The story so far: Bugs Moran has been brought to Dayton to stand trial for robbing a tavern keeper. He is revelling in his criminal notoriety, and his defense seems to be going well. But a new accusation is about to turn the tables.
"Here's Why FBI Trailed Moran, Summers"
That story, slapped across the top of the Aug. 16, 1946, issue of The Dayton Herald, burned through the city like a comet. The FBI leaked to local reporters that its agents had begun following Bugs Moran and his cronies - Illinois killer Virgil Summers and Dayton bootlegger Al Fouts - when they suspected the trio was part of a syndicate that looted 22 small-town banks and bars.
The gang was led by a St. Louis hood who had a habit of bumping off his fellow crooks for their shares of the loot. After he was dispatched by an unknown, shotgun-toting assassin, Moran took control.
The seven-man crime wave swept through Missouri, Illinois, Indiana and Ohio, swiping jukeboxes and slot machines and plundering safety deposit boxes swollen with the cash of servicemen back from the war.
But of the gang's many supposed crimes, the FBI had the goods on just one: a November 1945 heist at the Citizens' State Bank in the small Darke County town of Ansonia.
Under cover of night, the FBI said, thieves turned off the alarm system and walked in the bank's front door.
They burned open the vault with an acetylene torch and stuffed an estimated $50,000 in cash into baskets they had stolen from a nearby grocery store.
No one saw the crime. But a few hours earlier, an Ansonia lumber dealer caught a glimpse of three strangers hanging around a nearby street corner.
Two of them turned away when he said "hello," but the third looked him straight in the eye. The lumber dealer would later identify that man as Al Fouts.
News of the accusations prompted the attorneys for Moran and Fouts to call for a mistrial in the tavern keeper robbery case, but the judge refused. If the men were to be saved, they would have to do it themselves. And so on Aug. 21, the day of his 54th birthday, Bugs Moran took the stand.
He wore a double-breasted blue suit with a white shirt and blue-striped tie. He leaned forward when he spoke, his voice a slow monotone. His face was pale, his cheeks drawn.
He tried to evade his famous crime career, saying he had fallen into bad company as a youngster. He said he met Fouts and Summers when they asked him for liquor connections - not that he had anything to do with booze. He was a simple oil man, but generous enough to try to help.
He admitted to visiting Dayton around the time of the robbery, hoping to interest Fouts in an oil deal. But he spent most of his time here drinking and feeling sick, he said, and left for Kentucky two hours before the pistol-wielding men kidnapped barkeeper John Kurpe Jr. and stole $10,000.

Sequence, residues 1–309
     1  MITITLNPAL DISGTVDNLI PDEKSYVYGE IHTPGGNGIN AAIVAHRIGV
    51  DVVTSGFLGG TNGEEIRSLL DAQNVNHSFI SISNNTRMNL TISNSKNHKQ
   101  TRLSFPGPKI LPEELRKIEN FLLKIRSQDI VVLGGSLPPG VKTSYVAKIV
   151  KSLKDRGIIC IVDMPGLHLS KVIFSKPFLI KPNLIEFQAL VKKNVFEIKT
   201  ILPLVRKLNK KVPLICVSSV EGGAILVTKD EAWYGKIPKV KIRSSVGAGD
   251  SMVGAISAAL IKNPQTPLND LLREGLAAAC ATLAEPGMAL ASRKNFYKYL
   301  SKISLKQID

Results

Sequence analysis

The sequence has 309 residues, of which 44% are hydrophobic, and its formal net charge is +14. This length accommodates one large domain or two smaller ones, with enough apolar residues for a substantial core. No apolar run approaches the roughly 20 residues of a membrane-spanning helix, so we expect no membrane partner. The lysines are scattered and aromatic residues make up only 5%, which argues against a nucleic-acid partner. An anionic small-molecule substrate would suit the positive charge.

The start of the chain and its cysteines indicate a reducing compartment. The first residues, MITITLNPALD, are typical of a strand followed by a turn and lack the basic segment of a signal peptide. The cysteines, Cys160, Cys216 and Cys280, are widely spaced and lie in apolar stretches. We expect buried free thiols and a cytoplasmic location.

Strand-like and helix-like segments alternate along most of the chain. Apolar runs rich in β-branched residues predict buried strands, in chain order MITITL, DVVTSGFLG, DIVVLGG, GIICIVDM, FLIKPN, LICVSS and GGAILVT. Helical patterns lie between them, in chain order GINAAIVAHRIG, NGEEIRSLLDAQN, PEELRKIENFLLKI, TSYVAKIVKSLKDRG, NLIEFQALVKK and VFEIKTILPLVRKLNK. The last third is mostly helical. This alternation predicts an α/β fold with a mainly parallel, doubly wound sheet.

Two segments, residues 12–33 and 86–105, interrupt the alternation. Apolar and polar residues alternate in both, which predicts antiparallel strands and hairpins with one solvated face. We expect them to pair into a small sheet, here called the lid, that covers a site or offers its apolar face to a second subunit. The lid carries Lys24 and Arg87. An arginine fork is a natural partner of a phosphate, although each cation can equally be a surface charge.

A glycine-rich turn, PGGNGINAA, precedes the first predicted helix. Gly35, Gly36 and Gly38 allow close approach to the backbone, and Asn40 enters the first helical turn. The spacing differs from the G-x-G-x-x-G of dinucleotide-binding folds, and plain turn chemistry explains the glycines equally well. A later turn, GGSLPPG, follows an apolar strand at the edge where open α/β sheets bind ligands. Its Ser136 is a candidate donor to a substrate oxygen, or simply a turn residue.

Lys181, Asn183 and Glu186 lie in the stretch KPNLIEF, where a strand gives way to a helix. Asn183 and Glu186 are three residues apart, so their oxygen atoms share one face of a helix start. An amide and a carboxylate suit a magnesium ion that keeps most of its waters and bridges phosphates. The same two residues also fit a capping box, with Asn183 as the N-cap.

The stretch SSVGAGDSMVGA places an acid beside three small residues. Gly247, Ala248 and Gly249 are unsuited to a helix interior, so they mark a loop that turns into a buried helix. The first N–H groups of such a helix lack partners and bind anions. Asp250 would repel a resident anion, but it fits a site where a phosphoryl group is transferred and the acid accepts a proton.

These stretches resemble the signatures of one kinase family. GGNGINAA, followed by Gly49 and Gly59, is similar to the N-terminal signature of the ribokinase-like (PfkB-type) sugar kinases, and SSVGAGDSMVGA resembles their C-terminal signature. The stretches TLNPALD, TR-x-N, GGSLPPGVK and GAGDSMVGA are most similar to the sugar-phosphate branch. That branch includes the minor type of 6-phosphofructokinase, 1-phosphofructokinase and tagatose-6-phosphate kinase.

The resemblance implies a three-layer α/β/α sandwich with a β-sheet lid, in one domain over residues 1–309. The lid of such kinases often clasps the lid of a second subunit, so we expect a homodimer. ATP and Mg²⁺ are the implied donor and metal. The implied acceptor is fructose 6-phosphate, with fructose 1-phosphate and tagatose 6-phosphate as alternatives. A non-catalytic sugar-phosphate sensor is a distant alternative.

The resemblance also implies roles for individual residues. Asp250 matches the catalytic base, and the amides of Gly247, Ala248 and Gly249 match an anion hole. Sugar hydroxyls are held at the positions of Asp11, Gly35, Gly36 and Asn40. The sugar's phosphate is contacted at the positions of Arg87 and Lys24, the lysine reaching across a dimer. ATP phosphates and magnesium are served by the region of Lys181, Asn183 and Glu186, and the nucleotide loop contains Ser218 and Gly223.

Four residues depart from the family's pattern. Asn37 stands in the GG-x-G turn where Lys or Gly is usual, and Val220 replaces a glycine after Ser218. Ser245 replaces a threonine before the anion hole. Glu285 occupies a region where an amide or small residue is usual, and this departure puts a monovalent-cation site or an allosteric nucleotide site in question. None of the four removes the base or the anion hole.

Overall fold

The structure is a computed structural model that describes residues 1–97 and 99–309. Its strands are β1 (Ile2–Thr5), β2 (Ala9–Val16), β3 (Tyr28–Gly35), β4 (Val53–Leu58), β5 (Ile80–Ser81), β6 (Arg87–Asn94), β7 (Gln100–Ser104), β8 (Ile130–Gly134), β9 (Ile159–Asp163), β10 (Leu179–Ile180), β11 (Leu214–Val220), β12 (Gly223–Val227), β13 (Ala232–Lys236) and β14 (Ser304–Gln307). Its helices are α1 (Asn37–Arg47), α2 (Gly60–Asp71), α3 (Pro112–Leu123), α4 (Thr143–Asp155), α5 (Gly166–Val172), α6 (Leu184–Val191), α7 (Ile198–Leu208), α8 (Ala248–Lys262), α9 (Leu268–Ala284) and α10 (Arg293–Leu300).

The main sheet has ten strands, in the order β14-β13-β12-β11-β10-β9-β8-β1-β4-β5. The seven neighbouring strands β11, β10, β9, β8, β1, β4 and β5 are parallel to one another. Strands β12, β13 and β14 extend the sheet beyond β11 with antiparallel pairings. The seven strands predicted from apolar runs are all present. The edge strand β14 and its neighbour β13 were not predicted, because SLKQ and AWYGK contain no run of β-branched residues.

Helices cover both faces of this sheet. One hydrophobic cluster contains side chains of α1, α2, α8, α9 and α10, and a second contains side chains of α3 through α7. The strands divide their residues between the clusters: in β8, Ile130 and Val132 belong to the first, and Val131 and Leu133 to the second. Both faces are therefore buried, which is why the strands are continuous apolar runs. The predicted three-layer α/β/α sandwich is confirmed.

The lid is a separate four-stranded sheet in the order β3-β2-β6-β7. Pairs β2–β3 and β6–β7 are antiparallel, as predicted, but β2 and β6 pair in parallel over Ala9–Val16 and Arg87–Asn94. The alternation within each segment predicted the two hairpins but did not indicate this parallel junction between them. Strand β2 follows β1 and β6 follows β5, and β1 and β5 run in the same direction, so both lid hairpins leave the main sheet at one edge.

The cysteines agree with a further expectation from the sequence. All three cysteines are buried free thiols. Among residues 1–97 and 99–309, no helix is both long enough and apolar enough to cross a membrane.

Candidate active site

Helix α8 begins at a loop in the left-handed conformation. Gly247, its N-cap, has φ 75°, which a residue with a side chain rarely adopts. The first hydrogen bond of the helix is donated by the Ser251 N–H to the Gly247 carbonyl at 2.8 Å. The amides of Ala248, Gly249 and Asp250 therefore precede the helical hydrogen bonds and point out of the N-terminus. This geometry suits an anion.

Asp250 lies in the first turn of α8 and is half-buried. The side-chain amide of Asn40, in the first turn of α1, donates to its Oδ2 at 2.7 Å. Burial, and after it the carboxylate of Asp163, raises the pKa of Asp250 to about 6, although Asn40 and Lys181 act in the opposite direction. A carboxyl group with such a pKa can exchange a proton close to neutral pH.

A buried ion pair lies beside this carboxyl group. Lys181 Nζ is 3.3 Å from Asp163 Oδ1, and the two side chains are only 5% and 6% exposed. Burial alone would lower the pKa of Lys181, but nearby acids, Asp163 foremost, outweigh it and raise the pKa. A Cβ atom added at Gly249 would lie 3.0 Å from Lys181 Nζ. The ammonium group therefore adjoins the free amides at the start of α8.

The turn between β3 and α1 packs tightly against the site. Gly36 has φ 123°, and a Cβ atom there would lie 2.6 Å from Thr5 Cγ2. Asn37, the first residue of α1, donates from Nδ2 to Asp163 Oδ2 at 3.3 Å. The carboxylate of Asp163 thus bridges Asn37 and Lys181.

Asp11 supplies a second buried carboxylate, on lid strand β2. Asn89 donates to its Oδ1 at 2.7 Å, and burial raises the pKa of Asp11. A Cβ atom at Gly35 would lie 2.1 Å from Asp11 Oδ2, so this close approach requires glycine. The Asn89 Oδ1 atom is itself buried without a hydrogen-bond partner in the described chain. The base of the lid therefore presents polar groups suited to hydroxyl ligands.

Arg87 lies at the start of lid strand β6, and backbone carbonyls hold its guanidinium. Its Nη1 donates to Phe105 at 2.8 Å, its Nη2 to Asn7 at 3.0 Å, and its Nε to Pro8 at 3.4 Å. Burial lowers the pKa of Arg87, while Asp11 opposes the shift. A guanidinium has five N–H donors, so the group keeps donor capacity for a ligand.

His testimony was subdued until he talked about the FBI agents who rousted him from his bed.
"I didn't know why I was being arrested, but when they came in at 4:30 in the morning with machine guns and shotguns I knew it must be for something I knew nothing about," he said.
Moran's wife tried to buck up his story. She was blonde and slender, a former showgirl with enough residual glamour to captivate reporters, the courthouse crowd, even the jurors.
"Mrs. Moran . . . (was) wearing a well-fitting suit that showed her slim figure to advantage," wrote Ralph Vines in the Dayton Daily News. "The jury includes 11 women, nine of whom are middle-aged, plainly-dressed housewives. They scrutinized her closely."
Evelyn Moran swore her husband returned to their Kentucky home, 288 miles away from Dayton, by 1:30 p.m. the day of the robbery. That would have been impossible had Moran robbed Kurpe three hours earlier.
Fouts didn't take the stand, but he did offer nine people who said he was in the White Owl Cafe on West Third Street, drinking beer with his Airedale at his side, when Kurpe was snatched.
A beat cop, however, testified that he didn't see Fouts there that morning. Prosecutors also said Fouts had thrown an "alibi party" after the robbery, where his pals and favorite bartenders were encouraged to recall his presence at the cafe that morning.
In closing arguments, the defense attorneys attacked the FBI. Herbert Eikenbary, Fouts' stem-winding lawyer, ridiculed the agents who were following Fouts, Summers and Moran for losing track of them before the robbery.
"I feel really sorry for one fellow when he goes back to J. Edgar Hoover and gets put at the foot of the class," he said. "He was really Casey at the Bat when he struck out while following them on the morning of the alleged holdup."
But Prosecutor William Wolff gave credit to the deviousness of the robbers. The G-men had to back off if they thought their quarry was on to them, he said.
"To these people, robbery is a business," he said. "They make clever plans and plan well. They don't want to get caught. If they get caught, they're out of business. There is no other conclusion that can be reached by you except that all three are guilty as charged."
If Moran was worried as the case went to the jury of 11 women and one man, he didn't let on.
"Oh, they'll acquit me," he told reporters. "All this stuff is just a frame. They haven't anything on me."
Ninety-two minutes later, the jurors returned with their verdict. All three men were guilty. They would get no less than 10 years in the Ohio Penitentiary in Columbus.
Their duty complete, the jurors filed out of the courtroom. As they walked past Evelyn Moran, she leaned forward and hissed: "I hope you have bad luck the rest of your lives!"
More misfortune was indeed on its way. But the jurors wouldn't be the ones to suffer.
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